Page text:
With Web 3.0 on the rise, we’re definitely moving towards a much more data-centric world. Everything around us is data and it’s helping us create better decisions, better products, and provide better services as well as receive them. With everything revolving around data, we now need solutions to store this data. This is where repositories come in.
In simple words, data repositories are virtual storage units that allow us to manage and consolidate data.
Repositories can be of any kind. Developers use code repositories like GitHub for software engineering. The Helm repository by JFrog allows organizations to share Helm charts within the company. Repositories like Azure Data Factory allow data storage and management and are being currently deployed in many institutions.
Repositories have no doubt made life a lot easier. They’ve definitely facilitated the culture of remote work and better collaborations. Data repositories can be public or private. There are many public repositories available on the internet which you can get data from. Just recently, Google launched a free tool by the name of datasetsearch. This tool allows users to search for 25 million datasets that are available among topics such as biology and agriculture, to name a few.
Why Are Data Repositories Useful?
Data repositories for starters, allow critical data to be consolidated in a single place as opposed to it being scattered all over. This practice can later translate towards easier access as well as fast-tracking when it comes to making important business decisions.
Let’s assume you have 5 offices based in the city. You’ve been tasked to see which of these 5 offices is proving to be the most expensive. If you have expense data such as utility bills, administrative expenses, rent expenses, etc. for all 5 offices in a single place with proper documentation, it’ll definitely make things a lot faster to analyze. You won’t have to run from one place to the other to gather critical information you might need.
The Challenges that Come with Data Repositories:
Despite the fact that data repositories make your work life a lot easier, there are some challenges associated with utilizing these databases:
- The Amount of Data: When operating in a repository, there is a database management system involved. You would want to make sure your system is in line with the amount of data you’re going to be working on. For example, you would need a relatively more powerful machine if you’re managing data with millions of entries. You wouldn’t want your system to crash.
- Data Loss: Building on top of system crashes, you would want to make sure that all your data is backed up. Why? Because system crashes can many a time, result in data loss.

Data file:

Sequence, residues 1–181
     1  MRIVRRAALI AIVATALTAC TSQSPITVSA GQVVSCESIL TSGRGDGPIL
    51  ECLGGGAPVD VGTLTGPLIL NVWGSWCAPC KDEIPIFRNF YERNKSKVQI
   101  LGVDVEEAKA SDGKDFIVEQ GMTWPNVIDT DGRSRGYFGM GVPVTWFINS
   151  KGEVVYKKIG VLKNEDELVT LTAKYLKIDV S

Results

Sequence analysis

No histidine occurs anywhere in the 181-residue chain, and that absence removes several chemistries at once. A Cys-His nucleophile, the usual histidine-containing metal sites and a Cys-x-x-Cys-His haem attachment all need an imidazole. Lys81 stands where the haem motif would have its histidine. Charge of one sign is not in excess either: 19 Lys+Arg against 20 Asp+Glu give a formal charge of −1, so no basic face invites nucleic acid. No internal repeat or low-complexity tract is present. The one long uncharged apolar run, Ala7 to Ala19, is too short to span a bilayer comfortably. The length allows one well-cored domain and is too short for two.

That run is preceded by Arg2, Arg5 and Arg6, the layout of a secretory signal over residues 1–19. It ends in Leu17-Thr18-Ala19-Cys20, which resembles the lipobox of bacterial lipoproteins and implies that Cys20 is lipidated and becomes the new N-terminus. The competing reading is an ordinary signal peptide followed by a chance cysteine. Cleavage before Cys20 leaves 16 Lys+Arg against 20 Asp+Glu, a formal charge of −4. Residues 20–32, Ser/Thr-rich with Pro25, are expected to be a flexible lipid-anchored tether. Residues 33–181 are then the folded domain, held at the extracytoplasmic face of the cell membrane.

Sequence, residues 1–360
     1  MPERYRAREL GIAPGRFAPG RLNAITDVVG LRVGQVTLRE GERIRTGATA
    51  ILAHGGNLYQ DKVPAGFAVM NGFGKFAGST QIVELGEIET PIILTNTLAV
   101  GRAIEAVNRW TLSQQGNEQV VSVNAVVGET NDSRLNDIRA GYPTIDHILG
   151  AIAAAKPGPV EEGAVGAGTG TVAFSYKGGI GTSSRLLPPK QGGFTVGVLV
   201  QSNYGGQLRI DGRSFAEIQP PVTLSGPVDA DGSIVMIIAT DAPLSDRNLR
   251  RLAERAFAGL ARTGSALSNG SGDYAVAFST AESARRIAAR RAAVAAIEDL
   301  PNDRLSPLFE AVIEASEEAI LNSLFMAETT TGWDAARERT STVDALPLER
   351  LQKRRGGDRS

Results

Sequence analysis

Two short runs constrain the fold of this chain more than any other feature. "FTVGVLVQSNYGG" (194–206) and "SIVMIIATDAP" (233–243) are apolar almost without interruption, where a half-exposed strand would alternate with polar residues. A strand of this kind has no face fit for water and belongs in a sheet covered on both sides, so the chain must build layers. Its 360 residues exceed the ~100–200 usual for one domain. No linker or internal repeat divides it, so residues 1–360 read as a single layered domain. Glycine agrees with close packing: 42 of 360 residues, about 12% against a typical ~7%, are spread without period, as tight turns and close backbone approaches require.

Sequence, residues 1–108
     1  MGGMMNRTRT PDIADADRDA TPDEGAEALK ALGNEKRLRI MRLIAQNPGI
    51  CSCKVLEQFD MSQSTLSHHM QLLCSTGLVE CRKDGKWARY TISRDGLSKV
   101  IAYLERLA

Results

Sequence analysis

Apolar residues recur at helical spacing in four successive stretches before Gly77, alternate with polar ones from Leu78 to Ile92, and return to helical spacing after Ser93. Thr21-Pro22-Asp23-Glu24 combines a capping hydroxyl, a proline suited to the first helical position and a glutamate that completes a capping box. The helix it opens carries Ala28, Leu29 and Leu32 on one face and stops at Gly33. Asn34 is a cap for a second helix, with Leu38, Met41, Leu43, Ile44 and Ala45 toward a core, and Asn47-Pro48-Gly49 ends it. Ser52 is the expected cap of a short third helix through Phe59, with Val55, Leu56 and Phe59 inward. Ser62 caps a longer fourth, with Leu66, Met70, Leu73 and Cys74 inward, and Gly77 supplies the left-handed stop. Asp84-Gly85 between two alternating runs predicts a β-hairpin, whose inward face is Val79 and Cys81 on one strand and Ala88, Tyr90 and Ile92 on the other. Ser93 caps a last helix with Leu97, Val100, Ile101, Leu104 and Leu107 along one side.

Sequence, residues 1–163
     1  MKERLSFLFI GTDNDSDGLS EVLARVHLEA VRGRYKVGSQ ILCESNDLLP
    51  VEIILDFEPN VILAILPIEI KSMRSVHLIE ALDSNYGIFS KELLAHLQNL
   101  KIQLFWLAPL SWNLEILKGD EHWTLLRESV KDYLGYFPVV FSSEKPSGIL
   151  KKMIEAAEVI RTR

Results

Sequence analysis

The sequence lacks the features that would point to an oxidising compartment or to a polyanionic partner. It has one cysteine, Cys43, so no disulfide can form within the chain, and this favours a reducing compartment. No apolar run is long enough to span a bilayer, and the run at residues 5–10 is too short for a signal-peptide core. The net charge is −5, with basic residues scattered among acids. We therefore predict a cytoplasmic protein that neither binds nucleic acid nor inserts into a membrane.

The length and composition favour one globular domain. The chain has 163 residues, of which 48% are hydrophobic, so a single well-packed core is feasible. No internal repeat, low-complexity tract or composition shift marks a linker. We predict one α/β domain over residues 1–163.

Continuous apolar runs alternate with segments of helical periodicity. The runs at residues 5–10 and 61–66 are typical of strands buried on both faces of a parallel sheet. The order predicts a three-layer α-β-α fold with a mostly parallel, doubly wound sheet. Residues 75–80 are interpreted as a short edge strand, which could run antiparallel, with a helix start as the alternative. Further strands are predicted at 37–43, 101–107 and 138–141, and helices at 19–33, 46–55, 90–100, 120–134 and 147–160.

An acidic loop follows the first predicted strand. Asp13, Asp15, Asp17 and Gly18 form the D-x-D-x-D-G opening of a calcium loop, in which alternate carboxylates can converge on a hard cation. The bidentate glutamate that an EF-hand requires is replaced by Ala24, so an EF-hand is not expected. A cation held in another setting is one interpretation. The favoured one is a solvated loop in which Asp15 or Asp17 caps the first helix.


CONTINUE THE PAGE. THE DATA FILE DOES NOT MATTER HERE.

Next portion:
- Security Threats: Virtual databases are always at risk of security breaches. Although public repositories are meant to be accessed by everyone, private repositories are only meant for a selected few. It would be wise to take appropriate security measures to ensure your data does not get into the wrong hands.
Things to Look into When Opting for Data Repositories:
When it comes to creating and/or managing data repositories, there are some things you can do to fully reap the benefits. If you’re looking to deploy a database solution within your organization, it’s best to collaborate with your team and all the stakeholders involved to fully understand your data management requirements.
1. Choosing the Right Tool:
Prior to creating a repository, it’s important to understand the scope. Is the repository going to be used to collect psychographic data and analyze trends? Is it to be used to create better decisions within a business? Or will it allow developers to create pull/push requests when coding?
There are various tools on the internet. It’s best to understand which one aligns the most with your business objective.
2. Start Off Slow:
The transition from one repository to another or moving to a repository for the first time overall can be sometimes challenging. The best thing to do here is to start off small, with smaller data sets and lesser subject areas. Then increase the complexity as you start getting used to the program.
Data repositories are here to make life easier, so try to reduce the manual load wherever possible and automate. Normally, loading and maintaining the data are the best places to do this.
Data repositories should always be built while bearing the element of scalability in mind. Data types are constantly evolving and data collection methods are always subject to change as well.